Democrats in the House Committee on Appropriations made clear their intention to bring back the use of earmarks in the congressional appropriations process. This practice was disavowed in 2011 and now, 10 years later, is making its return to Congress.
What are earmarks?
Earmarks or earmark spending is when a specific portion of a spending bill is allocated or designated for a certain project, location, foundation, etc. This differentiates from typical congressional allocation of funds in the specificity of the recipient.
In the “normal” appropriations process, or the process that has been practiced for the past 10 years, Congress simply decides how the discretionary budget is divided amongst federal agencies. Once that money is allocated to a certain facet of the federal government, it is up to that specific entity to decide the manner in which the money will be spent.
With the reintroduction of earmarks, Congress can ensure that a certain amount of money is delineated to certain projects. This targeted method of spending allows for greater political leverage when attempting to pass legislation, as these projects typically fall within the state or district of specific members of congress.
Why did we get rid of them in the first place?
In 2011, a moratorium was placed on earmark spending when the Republican party took control of the House. This was enforced due to the stigma surrounding earmarks from past scandals including, but not limited to, unlawful spending that led to the incarceration of former Rep. Randy “Duke” Cunningham and a $400 million bridge that was never constructed. At the time, this was a move supported by both parties with then President Barack Obama explaining, “the American people deserve to know that special interests aren’t larding up legislation with pet projects,” in his State of the Union address. Although widely supported, there was definitely frustration amongst members of congress surrounding the increased difficulty to pass legislation without the use of earmarks as a tool of persuasion.
Why are earmarks making a comeback now?
Currently, Democrats in the House hold what has been deemed the slimmest majority in modern history, with 221 seats held by Democrats and 211 seats held by Republicans. The reintroduction of earmarks will provide greater leverage and better negotiation tools surrounding the passage of critical legislation.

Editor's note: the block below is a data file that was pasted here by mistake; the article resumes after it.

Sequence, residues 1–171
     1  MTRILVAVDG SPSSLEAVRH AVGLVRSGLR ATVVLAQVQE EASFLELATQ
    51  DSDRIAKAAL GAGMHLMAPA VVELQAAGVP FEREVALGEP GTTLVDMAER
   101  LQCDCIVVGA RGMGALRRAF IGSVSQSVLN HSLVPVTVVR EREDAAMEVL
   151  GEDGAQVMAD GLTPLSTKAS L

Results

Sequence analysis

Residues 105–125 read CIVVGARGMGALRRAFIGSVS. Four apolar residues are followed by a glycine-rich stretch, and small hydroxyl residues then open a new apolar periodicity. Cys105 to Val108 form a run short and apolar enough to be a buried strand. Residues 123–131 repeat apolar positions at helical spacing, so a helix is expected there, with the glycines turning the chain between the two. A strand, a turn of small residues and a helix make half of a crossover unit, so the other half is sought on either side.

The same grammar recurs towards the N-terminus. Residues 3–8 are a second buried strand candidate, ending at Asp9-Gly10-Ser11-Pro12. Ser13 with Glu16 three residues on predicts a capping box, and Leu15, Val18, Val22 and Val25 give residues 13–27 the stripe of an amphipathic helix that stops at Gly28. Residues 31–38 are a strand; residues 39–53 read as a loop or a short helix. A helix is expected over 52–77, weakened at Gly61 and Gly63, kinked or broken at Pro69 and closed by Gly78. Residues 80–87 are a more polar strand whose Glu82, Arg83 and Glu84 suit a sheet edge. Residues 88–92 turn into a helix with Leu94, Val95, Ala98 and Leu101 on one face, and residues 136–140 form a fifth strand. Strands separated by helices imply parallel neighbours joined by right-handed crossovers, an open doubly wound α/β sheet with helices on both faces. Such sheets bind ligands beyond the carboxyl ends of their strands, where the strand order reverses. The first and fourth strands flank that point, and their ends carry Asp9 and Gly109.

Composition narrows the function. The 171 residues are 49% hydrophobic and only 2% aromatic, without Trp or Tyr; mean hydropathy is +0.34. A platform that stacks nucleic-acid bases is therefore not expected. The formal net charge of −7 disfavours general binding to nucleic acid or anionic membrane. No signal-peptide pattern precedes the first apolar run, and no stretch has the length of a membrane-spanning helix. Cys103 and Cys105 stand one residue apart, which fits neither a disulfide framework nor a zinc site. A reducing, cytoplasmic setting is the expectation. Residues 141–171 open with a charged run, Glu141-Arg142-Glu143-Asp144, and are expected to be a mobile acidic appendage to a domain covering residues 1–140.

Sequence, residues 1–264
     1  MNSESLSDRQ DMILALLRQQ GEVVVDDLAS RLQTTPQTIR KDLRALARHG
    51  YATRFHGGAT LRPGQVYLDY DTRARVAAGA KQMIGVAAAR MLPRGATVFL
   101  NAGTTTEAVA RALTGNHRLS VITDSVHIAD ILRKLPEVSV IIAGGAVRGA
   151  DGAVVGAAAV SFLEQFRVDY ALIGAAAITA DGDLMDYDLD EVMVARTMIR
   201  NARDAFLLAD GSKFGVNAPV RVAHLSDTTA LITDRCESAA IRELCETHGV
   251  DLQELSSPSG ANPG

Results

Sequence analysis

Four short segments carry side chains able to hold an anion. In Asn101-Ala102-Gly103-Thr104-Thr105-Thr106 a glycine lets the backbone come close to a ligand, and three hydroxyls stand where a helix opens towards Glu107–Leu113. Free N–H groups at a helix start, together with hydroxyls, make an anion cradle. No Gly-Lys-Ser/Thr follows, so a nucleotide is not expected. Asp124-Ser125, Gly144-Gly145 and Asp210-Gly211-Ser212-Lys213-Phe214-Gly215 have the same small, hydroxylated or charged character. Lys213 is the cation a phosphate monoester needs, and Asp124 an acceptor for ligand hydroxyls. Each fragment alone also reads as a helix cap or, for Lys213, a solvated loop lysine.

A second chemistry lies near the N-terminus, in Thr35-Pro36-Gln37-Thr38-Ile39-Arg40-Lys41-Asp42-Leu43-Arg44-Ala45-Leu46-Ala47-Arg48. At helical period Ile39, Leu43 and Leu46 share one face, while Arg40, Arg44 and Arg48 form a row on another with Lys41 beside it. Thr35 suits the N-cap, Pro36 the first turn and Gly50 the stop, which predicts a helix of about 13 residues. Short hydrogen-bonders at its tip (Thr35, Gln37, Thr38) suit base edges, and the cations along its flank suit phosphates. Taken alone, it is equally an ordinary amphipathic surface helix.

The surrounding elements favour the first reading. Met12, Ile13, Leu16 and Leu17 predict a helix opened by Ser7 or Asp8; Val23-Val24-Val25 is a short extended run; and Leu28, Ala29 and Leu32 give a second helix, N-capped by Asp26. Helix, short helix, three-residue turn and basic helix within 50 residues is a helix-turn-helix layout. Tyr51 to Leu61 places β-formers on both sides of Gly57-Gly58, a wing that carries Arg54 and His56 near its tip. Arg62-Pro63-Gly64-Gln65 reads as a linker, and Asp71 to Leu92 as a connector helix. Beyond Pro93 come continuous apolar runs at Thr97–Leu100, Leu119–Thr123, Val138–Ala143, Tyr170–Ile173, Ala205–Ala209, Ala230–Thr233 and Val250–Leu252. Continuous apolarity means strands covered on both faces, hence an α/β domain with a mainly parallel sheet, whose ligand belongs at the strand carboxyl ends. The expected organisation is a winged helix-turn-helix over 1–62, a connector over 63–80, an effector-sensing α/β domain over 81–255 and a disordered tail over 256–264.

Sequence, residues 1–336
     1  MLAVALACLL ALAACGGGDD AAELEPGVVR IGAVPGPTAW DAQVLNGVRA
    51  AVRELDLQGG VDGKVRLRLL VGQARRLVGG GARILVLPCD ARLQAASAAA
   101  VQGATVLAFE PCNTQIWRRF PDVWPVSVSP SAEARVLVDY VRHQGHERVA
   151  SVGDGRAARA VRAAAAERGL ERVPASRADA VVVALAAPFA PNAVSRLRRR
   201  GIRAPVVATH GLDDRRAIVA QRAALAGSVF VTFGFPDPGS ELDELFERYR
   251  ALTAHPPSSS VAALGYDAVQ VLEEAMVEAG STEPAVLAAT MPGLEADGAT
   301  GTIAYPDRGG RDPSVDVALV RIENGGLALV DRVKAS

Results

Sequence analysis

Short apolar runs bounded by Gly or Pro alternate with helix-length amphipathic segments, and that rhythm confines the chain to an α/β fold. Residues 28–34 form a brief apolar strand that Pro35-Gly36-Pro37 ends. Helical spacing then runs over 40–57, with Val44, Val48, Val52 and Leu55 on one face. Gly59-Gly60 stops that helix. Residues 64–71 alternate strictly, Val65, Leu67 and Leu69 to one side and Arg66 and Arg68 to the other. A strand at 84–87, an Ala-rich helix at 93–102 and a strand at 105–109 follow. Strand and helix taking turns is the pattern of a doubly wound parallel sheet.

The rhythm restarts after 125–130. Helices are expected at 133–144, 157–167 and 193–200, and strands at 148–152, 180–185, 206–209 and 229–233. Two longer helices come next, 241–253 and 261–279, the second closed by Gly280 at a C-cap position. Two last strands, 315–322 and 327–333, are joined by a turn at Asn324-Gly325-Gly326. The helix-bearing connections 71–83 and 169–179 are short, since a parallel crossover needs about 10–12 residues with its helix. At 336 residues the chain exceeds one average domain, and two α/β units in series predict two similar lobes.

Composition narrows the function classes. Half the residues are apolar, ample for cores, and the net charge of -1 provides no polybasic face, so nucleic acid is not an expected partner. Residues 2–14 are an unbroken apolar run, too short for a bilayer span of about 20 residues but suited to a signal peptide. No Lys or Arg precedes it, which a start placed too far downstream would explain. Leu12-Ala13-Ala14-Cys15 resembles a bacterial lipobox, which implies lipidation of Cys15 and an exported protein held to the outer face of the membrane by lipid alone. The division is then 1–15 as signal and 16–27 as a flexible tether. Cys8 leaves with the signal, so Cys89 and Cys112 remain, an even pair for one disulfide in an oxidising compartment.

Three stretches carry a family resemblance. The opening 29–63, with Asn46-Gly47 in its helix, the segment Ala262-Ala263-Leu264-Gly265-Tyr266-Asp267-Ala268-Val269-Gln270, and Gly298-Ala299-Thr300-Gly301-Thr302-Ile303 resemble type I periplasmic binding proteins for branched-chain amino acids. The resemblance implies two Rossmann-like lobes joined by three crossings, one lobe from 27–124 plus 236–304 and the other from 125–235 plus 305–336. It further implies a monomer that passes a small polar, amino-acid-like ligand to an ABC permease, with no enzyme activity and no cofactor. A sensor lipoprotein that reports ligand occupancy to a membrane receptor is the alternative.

At this point in time, only House Democrats have established a plan for the usage of earmarks. The Senate has yet to divulge its plan for how or when the practice of earmark spending will begin again, and Republicans in both the House and Senate have yet to announce if they will remove the GOP party rule barring them from the use of earmarks. It is a widespread belief on the hill that upon the reintroduction of this spending practice, there will largely be bipartisan support. House Majority Leader Steny Hoyer told reporters, “My view has been that it’s a constitutional responsibility of the Congress the United States and that members of Congress know their districts better than almost anybody else,” explaining his support for the return of earmarks, claiming that the members of congress know how best to invest federal funding in their communities to meet the needs of their constituents.
What will earmark spending look like in this Congress?
Only 1% of the $1.4 trillion of discretionary funds will be set aside for earmarks. For-profit businesses and other entities will not be eligible for funds allocated by earmark spending. The earmark process will be audited by the Government Accountability Office — overseeing a sample of proposed earmarks and submitting a subsequent report on the efficacy and legality of the process.
Members of Congress will be limited to submitting 10 earmark requests per fiscal year, but are given no guarantee that the requests will be fulfilled. These requests will be submitted on an online portal and must be accompanied by evidence of constituent support for the funding. They will also have to prove there is no vested personal financial interest in the project and no direct relatives of the members are connected to the projects in any way.
These guidelines have been outlined with the hope of preventing issues like those seen in the past, and though not all members of Congress are sold on the idea and logistics surrounding the practice have yet to be fully worked out, earmark spending will officially be making a comeback in the 2022 fiscal budget.